July 2019 | Volume 2
We need solutions. We also need to ensure that those solutions represent the interests of the most vulnerable in the health care equation. Of course, the cost of care and health technology is out of hand and we need to demand and pay for what works. We also need to ensure that the methods used to evaluate benefit clearly accommodate and build our understanding of patient sub-groups and outcomes that matter to patients and address comparative value across medical interventions. Even more important, we need a simultaneous commitment to evaluating the impact of these policies. They may save us a buck now, but do they cost us more in lost health and unnecessary care due to delayed or sub-optimal treatment? We don’t know. And it should raise concern that we don’t have a plan for finding the answer.
Sound, Fury and Prescription Drugs
Nothing typifies the failures of health care in the United States like prescription drugs. Americans pay more for their medications — including those developed in America, with taxpayer dollars — than residents of any other country in the world. So many patients are rationing or outright skipping essential medications that stories of people dying for want of basic drugs — or fleeing the country to avoid that fate — have become commonplace.
In the Drive to Decrease Low-Value Care, Many Don’t Assess Whether They’re Doing the Right Thing for the Right Patient
The acquisition adds to UnitedHealth's growing portfolio. The company completed its $4.3 billion buy of Davita Medical Group last week after securing approval from the Federal Trade Commission. Days later, the payer also reportedly reached a deal to acquire healthcare payments firm Equian for $3.2 billion.
In a small study, a cancer vaccine assist beats immunotherapy drugs alone
The largest study to date of a “cancer vaccine” plus one of the immunotherapy drugs that has revolutionized cancer treatment found that they kept patients’ tumors in check longer, on average, than drugs alone, but that the benefit was still only a few months for two forms of cancer, study sponsor Neon Therapeutics reported on Monday.
Streamlining Patient-Reported Outcomes to Boost Value-Based Care
Value-based care models may be the way of the healthcare future, demonstrating that clinicians can deliver high-quality care at a lower cost. But for organizations to keep pace in this new payment landscape, they’ll need to make meaningful connections with patients and streamline patient-reported outcomes, all in an effort to manage patients outside the care facility.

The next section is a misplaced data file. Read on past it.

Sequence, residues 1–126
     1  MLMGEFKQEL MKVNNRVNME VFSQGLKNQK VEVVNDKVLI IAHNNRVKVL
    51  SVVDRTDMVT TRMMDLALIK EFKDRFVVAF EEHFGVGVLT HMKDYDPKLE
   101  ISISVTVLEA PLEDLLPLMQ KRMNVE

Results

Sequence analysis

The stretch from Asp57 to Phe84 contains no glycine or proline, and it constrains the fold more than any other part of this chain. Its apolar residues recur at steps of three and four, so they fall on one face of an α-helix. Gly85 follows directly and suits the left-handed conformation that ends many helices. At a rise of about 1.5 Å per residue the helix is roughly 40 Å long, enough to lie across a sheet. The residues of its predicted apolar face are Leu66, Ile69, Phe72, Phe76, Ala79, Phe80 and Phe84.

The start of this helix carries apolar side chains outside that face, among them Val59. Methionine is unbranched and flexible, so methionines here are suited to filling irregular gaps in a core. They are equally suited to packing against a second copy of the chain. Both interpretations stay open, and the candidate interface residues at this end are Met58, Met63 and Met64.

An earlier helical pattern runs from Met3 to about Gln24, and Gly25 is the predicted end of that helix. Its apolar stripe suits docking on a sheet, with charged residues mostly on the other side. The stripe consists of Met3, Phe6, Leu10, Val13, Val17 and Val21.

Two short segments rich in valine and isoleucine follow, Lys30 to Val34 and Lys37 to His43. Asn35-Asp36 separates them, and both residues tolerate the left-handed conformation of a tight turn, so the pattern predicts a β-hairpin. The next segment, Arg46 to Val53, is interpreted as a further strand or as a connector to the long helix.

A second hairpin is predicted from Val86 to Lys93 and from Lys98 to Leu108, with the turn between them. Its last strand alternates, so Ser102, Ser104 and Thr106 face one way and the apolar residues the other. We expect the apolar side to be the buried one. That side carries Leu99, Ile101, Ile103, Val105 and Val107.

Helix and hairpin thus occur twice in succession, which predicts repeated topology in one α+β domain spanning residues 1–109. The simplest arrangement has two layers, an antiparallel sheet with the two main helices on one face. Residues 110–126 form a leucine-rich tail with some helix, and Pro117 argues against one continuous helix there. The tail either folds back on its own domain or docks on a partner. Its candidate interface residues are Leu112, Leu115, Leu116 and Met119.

Digital health is growing fast — but at what cost?
Silicon Valley is obsessed with growth. And for digital health startups, that obsession is not only misguided, but dangerous. The prevailing idea in the tech industry is that to succeed, you have to be ready to sell your idea, no matter how far along your idea really is. You’re encouraged to believe in your product even when there is no product to believe in.
It’s time to change the definition of ‘health’
Meet Betty, a typical aging American. At 82, she spends almost as much time with her doctors as she does with her grandchildren. She has to. She takes seven prescription medications to treat her high blood pressure, high cholesterol, diabetes, and arthritis. Ten years ago, she was treated for breast cancer. 

Passion + Quality = Change That Matters
I embrace the powerful opportunities in our evolving health care landscape. I founded Momentum Health Strategies to be a catalyst for change through continuous learning, diverse engagement and thoughtful policy and practice initiatives. I deliver innovative, strategic thinking and a passion for improving the patient experience. My personal drive and dedication to high-quality results will help you navigate the competitive terrain you face and convert your vision to action.

Momentum Health Strategies

Jennifer L Bright, MPA
(703) 628 - 0534